There’s a trend I’ve noticed this year. Three of my favourite writers quit blogging (and two quit twitter) for a few months. They all cited some combination of fatigue, disorientation or lack of inspiration.
After hundreds of beautifully written, wonderfully vulnerable posts, they disconnected and looked out the window and remembered there was a world beyond words.
The ability to step back and take stock, to rest, is admirable. Writing for writing’s sake is death by ink.
Anyone can blurt out a few ambiguous tweets in the heat of hurt or happiness and call it vulnerability, but the energy it takes to write with honesty, authenticity and precision is great. And often life-consuming. And more often, unappreciated.
Not as many years ago as I’d like, I was one of the girls who used twitter and blogging as an exercise in mildly pathetic stream-of-consciousness.
'I'm having Special K for breakfast and thinking of him.'
'Urgh. Well I guess that says it all, DOESN'T IT?'
'[insert wistful love song lyric]'
I rotated on an emotional scale of about three different (all equally embarrassing) notes, and didn’t give a hoot who read it. Readers didn’t need the specifics of ‘him’ or ‘you’. I just wanted them to know LOVE, ANGER, PAIN. To know I was a human that felt things.
At some point, thank goodness, I had a few birthdays and realised the cool kids didn’t do that me-show stuff so much. And I stopped.
And then I swung the other way for a bit, and didn’t share anything.
And then for a while most of my writing was commissioned, so that mitigated the perilous over-share problem. Even while writing about sex and loneliness and selfishness and anger and ego, I’ve kept readers firmly at arms length.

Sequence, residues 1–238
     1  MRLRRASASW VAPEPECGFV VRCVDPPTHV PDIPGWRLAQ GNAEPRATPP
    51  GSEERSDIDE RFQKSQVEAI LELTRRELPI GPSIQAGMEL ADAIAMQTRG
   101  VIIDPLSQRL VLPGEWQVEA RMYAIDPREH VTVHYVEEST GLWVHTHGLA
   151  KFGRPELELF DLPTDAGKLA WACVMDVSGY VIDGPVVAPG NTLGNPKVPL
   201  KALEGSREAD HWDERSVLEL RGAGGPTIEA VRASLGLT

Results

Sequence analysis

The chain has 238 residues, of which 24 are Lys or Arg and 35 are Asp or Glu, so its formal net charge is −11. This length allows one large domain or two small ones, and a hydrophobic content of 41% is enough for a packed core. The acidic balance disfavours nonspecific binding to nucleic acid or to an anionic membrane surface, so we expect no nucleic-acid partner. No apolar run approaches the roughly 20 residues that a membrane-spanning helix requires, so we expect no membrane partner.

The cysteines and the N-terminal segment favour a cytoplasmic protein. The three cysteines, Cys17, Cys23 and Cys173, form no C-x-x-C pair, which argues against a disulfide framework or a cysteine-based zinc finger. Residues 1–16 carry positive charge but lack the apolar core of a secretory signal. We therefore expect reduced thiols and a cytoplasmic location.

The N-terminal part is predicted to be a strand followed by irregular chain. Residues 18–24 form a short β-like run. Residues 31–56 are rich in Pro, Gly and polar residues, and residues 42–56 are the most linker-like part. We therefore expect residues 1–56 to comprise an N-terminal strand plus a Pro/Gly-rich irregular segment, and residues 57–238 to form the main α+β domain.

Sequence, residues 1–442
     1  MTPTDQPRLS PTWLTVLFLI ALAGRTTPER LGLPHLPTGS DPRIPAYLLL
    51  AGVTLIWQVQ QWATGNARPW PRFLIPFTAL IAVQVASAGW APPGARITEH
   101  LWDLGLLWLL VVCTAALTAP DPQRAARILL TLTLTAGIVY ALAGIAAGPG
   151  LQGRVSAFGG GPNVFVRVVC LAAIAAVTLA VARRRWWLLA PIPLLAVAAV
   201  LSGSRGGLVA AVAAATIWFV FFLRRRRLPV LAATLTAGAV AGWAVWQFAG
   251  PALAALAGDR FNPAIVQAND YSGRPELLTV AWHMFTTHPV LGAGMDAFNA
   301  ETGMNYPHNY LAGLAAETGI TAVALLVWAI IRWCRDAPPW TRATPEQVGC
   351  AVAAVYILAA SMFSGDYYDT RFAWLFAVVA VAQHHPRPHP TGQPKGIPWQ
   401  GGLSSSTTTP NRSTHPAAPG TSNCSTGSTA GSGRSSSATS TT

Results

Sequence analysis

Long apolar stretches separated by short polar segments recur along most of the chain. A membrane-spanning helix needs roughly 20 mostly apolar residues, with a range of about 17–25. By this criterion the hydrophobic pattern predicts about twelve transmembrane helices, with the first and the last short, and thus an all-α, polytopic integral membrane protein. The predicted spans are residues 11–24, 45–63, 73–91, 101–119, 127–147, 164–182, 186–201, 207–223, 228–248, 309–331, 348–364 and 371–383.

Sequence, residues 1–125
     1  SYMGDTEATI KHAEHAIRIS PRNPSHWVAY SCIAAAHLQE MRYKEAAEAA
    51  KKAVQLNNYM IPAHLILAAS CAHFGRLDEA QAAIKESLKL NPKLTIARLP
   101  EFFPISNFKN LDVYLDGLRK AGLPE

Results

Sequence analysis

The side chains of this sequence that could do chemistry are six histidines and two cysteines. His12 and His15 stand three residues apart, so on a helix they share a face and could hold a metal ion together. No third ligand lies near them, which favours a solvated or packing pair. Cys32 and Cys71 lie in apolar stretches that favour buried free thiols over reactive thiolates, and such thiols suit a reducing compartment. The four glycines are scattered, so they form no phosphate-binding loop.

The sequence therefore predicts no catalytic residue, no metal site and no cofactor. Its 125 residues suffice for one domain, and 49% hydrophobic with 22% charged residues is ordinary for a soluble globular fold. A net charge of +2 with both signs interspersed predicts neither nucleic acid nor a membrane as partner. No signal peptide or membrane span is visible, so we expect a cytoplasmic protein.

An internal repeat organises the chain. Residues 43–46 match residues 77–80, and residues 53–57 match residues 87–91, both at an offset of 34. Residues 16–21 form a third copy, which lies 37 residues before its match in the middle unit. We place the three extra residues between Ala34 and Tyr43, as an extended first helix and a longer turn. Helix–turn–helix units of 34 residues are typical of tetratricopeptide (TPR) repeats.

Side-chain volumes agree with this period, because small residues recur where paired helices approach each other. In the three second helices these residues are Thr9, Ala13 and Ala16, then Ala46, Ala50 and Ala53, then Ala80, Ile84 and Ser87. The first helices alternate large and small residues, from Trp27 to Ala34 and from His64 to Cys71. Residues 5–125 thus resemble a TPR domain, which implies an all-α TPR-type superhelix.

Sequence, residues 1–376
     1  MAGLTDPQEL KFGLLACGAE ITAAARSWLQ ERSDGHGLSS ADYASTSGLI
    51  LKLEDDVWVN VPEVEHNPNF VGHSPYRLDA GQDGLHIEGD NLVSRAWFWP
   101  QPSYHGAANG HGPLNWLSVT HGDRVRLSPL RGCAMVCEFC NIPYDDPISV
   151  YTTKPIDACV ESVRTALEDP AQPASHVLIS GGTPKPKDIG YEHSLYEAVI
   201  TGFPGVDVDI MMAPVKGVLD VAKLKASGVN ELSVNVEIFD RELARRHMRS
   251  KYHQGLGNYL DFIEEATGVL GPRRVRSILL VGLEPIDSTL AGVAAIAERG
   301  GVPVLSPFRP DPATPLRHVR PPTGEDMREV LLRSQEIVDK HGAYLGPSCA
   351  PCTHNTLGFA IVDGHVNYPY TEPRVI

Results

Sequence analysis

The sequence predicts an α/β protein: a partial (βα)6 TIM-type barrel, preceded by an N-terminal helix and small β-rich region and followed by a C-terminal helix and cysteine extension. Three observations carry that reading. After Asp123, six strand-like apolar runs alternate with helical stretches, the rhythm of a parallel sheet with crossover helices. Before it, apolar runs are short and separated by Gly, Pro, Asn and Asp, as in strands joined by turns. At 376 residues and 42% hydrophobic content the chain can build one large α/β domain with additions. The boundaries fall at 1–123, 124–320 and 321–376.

My blogs in the past two years have had none of the brash LOVE, ANGER, PAIN. And perhaps that is ok. But I am still a human that feels things.
Today, several weeks after I wrote all of the things you just read in this blog, I sat in a room with some threads and rhythms writers and we agreed: vulnerability is good. Self indulgence is not.
It’s ok if some things never make it off the pages of your personal journal.
It’s ok to have an angry thought, or a wave of despair. You don’t need to publish it for it to become capital-R Real.
It’s ok to say nothing for a while.
It’s ok, too, to tell your story. It’s ok to tell mine. More than ok; vulnerability is the stuff of good story-telling.
If we as communicators are to do something more important than simply chucking words at the web, we need to be rooted in truth and purpose within our vulnerability.
I get the feeling that burnout happens when we lose sight of those things. And I’m grateful for the reminder today.